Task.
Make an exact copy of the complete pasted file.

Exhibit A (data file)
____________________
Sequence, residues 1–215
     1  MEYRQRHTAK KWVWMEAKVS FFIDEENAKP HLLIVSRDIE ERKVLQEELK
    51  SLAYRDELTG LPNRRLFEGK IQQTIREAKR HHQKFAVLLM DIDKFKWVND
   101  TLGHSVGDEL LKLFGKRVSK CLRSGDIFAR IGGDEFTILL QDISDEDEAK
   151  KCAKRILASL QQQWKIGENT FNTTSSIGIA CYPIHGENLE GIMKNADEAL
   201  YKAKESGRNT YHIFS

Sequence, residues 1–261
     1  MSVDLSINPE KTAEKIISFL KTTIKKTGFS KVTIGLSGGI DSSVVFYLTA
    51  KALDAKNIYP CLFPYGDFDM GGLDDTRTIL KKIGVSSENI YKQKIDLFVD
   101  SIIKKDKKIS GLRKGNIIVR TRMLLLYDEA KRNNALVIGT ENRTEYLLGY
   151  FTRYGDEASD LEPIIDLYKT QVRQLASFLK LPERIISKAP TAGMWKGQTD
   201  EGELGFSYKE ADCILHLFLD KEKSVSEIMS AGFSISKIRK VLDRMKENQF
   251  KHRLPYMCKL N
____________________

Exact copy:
Sequence, residues 1–215
     1  MEYRQRHTAK KWVWMEAKVS FFIDEENAKP HLLIVSRDIE ERKVLQEELK
    51  SLAYRDELTG LPNRRLFEGK IQQTIREAKR HHQKFAVLLM DIDKFKWVND
   101  TLGHSVGDEL LKLFGKRVSK CLRSGDIFAR IGGDEFTILL QDISDEDEAK
   151  KCAKRILASL QQQWKIGENT FNTTSSIGIA CYPIHGENLE GIMKNADEAL
   201  YKAKESGRNT YHIFS

Sequence, residues 1–261
     1  MSVDLSINPE KTAEKIISFL KTTIKKTGFS KVTIGLSGGI DSSVVFYLTA
    51  KALDAKNIYP CLFPYGDFDM GGLDDTRTIL KKIGVSSENI YKQKIDLFVD
   101  SIIKKDKKIS GLRKGNIIVR TRMLLLYDEA KRNNALVIGT ENRTEYLLGY
   151  FTRYGDEASD LEPIIDLYKT QVRQLASFLK LPERIISKAP TAGMWKGQTD
   201  EGELGFSYKE ADCILHLFLD KEKSVSEIMS AGFSISKIRK VLDRMKENQF
   251  KHRLPYMCKL N